What always struck me was how hard they worked; what perfectionists they were. Particularly Paul. They would endlessly work on the same bit till I was screaming with boredom. It seemed fine to me the first time, so why do it 100 times?
I used to listen on the same earphones when they were listening to a backing track. Now and again, I would take my earphones off – and listen to them singing the words, with no music. I used to think, ‘Bloody hell! They can’t really sing; they’re out of tune.’ It was like people singing in a swimming pool.
Often they would not finish till two in the morning, by which time I was yawning.
At the end of the day, there were usually scraps of handwritten lyrics lying around, which they had brought in with them, or perhaps copied out for George and Ringo. If it was a song I had followed from the beginning, and was going to write about, I would ask if I could have it, to help me remember the words. They would say yes – otherwise the cleaners would burn them. Once they had recorded the song, which was the whole point, they had little interest in the written version – which is partly how I ended up with nine original lyrics, now in the British Library, saved from being burned.
One evening, I went into Abbey Road and there was Yoko, in the studio, sitting on John’s lap. The other three were mouthing to each other, ‘Who the f**k is this?’
By chance, I had already met Yoko before John did. Months earlier, she had contacted me to ask if I would appear in her Bottoms film (showing pictures of people’s bottoms). I declined, saying my agent would not allow it, but I would come and watch filming. I duly did – I wrote a slightly mocking piece in Atticus, the Sunday Times column I was doing.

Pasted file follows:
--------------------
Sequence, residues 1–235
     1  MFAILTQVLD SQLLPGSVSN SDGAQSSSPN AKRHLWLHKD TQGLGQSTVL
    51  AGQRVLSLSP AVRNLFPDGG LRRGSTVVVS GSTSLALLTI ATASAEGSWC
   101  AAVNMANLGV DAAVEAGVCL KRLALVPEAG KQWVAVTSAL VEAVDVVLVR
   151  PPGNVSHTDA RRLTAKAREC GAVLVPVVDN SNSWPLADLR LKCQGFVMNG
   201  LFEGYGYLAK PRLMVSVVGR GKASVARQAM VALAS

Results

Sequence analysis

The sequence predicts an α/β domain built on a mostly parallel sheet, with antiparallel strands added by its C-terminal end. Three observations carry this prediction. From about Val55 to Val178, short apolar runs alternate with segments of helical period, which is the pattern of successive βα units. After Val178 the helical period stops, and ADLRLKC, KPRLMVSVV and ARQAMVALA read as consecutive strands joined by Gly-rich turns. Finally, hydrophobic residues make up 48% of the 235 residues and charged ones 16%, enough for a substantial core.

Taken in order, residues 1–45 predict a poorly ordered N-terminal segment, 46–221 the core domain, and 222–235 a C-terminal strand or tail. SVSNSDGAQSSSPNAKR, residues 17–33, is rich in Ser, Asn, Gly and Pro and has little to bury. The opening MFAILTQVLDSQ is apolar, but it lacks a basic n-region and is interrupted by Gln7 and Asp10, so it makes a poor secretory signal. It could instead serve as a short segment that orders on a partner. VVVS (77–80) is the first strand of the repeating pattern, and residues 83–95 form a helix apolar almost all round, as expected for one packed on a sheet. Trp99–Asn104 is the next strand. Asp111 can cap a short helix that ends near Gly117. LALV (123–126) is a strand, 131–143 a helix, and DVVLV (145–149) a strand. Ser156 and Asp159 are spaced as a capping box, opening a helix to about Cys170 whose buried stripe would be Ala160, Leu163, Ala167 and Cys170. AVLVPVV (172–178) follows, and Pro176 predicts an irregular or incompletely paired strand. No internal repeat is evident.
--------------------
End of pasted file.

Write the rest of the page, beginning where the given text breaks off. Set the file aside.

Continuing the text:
By the time it came to recording the Abbey Road album in 1969, Yoko was a proper part of John’s life. They got injured in a car crash in Scotland and missed a few sessions. The other Beatles just carried on without them. That would never have happened seven years earlier, when John was leader.
When they had recovered enough, John had a double bed from Harrods set up in the studio. Yoko arranged for a microphone over her head, so that she could offer her comments – which amused and pleased John, but not the others.
The atmosphere while they were recording Abbey Road was surprisingly amicable, unlike the Let It Be sessions (recorded in 1969 before Abbey Road but released after Abbey Road, in 1970) when there were lots of rows. John was mostly cut off, living in his own world in his head, or with Yoko, letting Paul get on with it.